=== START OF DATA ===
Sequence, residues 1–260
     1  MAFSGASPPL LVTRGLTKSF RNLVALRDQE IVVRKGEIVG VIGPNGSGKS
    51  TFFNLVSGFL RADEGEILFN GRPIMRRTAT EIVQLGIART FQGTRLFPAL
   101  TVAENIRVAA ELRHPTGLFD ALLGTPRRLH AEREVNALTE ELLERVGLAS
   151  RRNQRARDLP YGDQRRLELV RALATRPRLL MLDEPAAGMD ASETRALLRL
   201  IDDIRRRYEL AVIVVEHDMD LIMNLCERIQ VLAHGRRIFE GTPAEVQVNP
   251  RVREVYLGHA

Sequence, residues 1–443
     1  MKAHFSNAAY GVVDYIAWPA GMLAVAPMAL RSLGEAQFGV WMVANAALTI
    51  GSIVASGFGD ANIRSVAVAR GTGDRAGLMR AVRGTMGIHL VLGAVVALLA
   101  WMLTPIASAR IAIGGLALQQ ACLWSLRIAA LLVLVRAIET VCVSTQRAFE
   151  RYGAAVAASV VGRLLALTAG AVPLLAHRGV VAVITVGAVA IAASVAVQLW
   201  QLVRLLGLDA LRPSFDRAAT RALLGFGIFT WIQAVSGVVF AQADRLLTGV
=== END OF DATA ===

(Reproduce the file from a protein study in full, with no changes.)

Sequence, residues 1–260
     1  MAFSGASPPL LVTRGLTKSF RNLVALRDQE IVVRKGEIVG VIGPNGSGKS
    51  TFFNLVSGFL RADEGEILFN GRPIMRRTAT EIVQLGIART FQGTRLFPAL
   101  TVAENIRVAA ELRHPTGLFD ALLGTPRRLH AEREVNALTE ELLERVGLAS
   151  RRNQRARDLP YGDQRRLELV RALATRPRLL MLDEPAAGMD ASETRALLRL
   201  IDDIRRRYEL AVIVVEHDMD LIMNLCERIQ VLAHGRRIFE GTPAEVQVNP
   251  RVREVYLGHA

Sequence, residues 1–443
     1  MKAHFSNAAY GVVDYIAWPA GMLAVAPMAL RSLGEAQFGV WMVANAALTI
    51  GSIVASGFGD ANIRSVAVAR GTGDRAGLMR AVRGTMGIHL VLGAVVALLA
   101  WMLTPIASAR IAIGGLALQQ ACLWSLRIAA LLVLVRAIET VCVSTQRAFE
   151  RYGAAVAASV VGRLLALTAG AVPLLAHRGV VAVITVGAVA IAASVAVQLW
   201  QLVRLLGLDA LRPSFDRAAT RALLGFGIFT WIQAVSGVVF AQADRLLTGV